Travels with Daisy

By Kirby Vickery from the June 2016 Edition

On the sixth of May at oh dark thirty, I placed my two-year-old puppy into her brand-new genuine PETCO airplane-quality traveling carrier, purchased the day before along with some attachments which I was told were required by the airline. The cost, including the required special flight food was over $125.00. I’m not going to complain about the costing as it was my decision to bring her with me to Mexico to begin with. Coupled with about $300.00 to get her inspected, injected, and prodded in order to be able to get her into Mexico to begin with, this little project is starting to get just a little expensive. In any case, Daisy has shown herself to be a good companion and with me going back into the palliative (actually, “palliative” is the wrong word here. I should say ‘Home Bed Care’ if there is such a phrase) care business, I know I would enjoy her presence.

Earlier, she had shown herself game to try this contraption so I pulled her back out and invited her to jump into the back seat of my little six-speed-automatic-transmission-with-two-clutches-and-no-dip-stick-Canadan-Test-bedv-Ford Fiesta, otherwise known as my little Tomato Can. My daughter grabbed the keys while walking around the car heading for the driver’s door asked, “Do you want me to drive, Dad?” She had already told me that she really didn’t like the car but there is something that happens to all women when their own children reach majority: They have to drive and nothing else matters. Even though she was sounding nice, polite, and caring; I knew under that calm exterior was a woman with an attitude from hell and if I wanted to escape the car with some sort of equilibrium, either mentally and physically, she would have to drive. So I shut up and got in the rider’s side of the car. Actually I wasn’t worried as she is a good driver anyway.

About two and half hours later we drove into SEA TAC International Airport, otherwise known as: Alaska Airlines Departure Land. Now Daisy and I were allowed to get out of the car twice on the way in but I don’t remember if she did anything. That was when I started to become concerned with

Daisy’s bowel and bladder habits. There, on the door, was a large sign telling me that there are no loose dogs on premises and that they all had to be caged. It was at 2:30 AM that my puppy entered her captivity and Laurel was off leaving Daisy in her cage and me standing beside it.

Wandering inside, we discovered that nothing opened before 3:30 or so. This gave me plenty of time to use a ticketing kiosk to retrieve my advanced computer work with the mighty Alaska Airlines. I was after our tickets, some boarding passes and some baggage claim slips. It was even good enough to give me receipts for everything including the extra $100.00 for Daisy that I didn’t expect as I seemed to remember something that said I wouldn’t have to pay extra for her. It was because she was too big to ride in the cabin and I started to wonder just what kind of flying arrangements Daisy was really going to have. I mean they were offering me an upgrade in my seating at less than that.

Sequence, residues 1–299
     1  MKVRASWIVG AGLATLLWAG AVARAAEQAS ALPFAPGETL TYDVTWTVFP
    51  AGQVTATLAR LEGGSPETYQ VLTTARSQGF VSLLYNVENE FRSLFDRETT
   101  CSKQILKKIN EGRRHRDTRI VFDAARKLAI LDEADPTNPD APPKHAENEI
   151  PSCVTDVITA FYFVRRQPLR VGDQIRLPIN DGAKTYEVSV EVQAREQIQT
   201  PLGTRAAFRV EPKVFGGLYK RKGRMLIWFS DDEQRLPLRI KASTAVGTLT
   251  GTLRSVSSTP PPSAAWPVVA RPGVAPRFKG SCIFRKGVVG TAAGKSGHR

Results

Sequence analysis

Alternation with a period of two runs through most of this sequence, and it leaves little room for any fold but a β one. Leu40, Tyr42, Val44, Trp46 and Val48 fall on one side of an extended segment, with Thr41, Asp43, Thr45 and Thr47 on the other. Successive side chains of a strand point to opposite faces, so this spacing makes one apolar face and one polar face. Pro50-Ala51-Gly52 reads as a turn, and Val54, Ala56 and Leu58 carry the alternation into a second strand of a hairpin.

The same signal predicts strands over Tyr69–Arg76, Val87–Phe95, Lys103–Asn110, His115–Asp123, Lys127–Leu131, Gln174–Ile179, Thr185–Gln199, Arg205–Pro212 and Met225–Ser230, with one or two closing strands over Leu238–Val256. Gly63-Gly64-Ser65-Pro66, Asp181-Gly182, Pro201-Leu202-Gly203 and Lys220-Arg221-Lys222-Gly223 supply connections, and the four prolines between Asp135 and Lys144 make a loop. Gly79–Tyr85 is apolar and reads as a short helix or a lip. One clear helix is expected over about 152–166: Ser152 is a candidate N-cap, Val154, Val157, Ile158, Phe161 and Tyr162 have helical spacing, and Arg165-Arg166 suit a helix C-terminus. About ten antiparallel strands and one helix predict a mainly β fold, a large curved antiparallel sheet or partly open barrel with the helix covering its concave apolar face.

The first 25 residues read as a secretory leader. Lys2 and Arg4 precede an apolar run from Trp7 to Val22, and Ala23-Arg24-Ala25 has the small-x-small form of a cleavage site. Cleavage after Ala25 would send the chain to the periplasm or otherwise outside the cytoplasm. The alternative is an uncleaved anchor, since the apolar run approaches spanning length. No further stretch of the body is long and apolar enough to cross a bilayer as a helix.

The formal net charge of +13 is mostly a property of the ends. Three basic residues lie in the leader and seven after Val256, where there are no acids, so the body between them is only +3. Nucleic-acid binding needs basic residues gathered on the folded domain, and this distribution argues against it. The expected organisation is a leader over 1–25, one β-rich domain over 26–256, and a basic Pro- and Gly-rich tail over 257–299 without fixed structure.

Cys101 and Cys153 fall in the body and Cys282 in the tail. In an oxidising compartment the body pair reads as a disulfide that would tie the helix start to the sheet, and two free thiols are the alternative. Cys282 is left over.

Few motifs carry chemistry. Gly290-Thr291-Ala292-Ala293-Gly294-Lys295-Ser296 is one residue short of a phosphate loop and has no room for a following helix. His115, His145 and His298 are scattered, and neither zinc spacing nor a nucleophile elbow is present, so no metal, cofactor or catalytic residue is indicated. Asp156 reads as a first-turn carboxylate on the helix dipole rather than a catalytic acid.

The problem with the kiosk was that it wasn’t spitting out anything but receipts. I should have turned around right there, got my money back and process through that Canadian outfit, WestJet. I probably would have, except I couldn’t reach Laurel, and I was stuck. So I decided to stick it out in Alaska Airlines Passenger Land and wait until some of the Assistance Processing terminals would open up.

I think it was WestJet’s option of having an overnight stay in some town in the middle of Canada. There was another airline offering a lovely two-hour layover in Houston, only to be followed by a 15 hour hold in Mexico City. I could just see Daisy hanging curtains and having a telephone line installed due to the length of time she was to be in that carrier.

At three twenty-nine that morning, Alaska Airline Passenger Land was a barren place. At three thirty, the entire place filled up with people all hoping for their five minutes with one of the friendly ladies in Passenger Assistance Land. Daisy and I got in line really late at three thirty-two. After a sizeable wait, Daisy and I were motioned forward by a very tall but nice looking young lady whose smile disappeared as she gazed at Daisy’s brand-new-custom-PETCO-built-airline-approved-food-and-water-stocked-pet-carrier.

When we arrived at her station, she had turned to call an Alaska Airline Passenger Land Assistance Supervisor. I started to be worried. He frowned and shook his head while pointing at the brand-new-custom-PETCO-built-airline-approved-formally-water-and-food-stocked. They had lifted it up onto their conveyor belt, spilling most of the food and water from the custom built dish inside the pet carrier and told me that, because I didn’t have any metal in it, Daisy wasn’t going anywhere near any of their airplanes. I could tell Daisy was not pleased. Darn, I sure wish I could have reached Laurel.

Then the tall but nice looking young lady told me that all was not lost. She told me there was a vendor located down in Alaska-Airlines-Baggage-Land that sold pet carriers which were, in fact, certified-custom-made-authentic-flight-approved-pet-carriers-with-metal screws-to-hold-them-together. She also said that this merchant would open at 5:30 and that would give me ample time to get back up to Passenger Assistance Land to make the 7AM Alaska Airline Flight. She took my checked bag and told me that I would catch up to it in L.A. and then we could fly down to Manzanillo all together as a family unit. Such assistance, a great thing for an Airline to have.

I hurried down into Baggage Land and waited until Mr. Vendor opened. Well, not quite. I was able to talk him into opening fifteen minutes early. He sold me a $95.00 pet carrier which needed assembly, but he guaranteed the people in Assistance Land wouldn’t have any problem with it. I put it together while I was waiting in the Assistance Land’s line again. This time the tall lady didn’t ask any questions but started to rip all the tags from the old carrier and tape them onto the new one.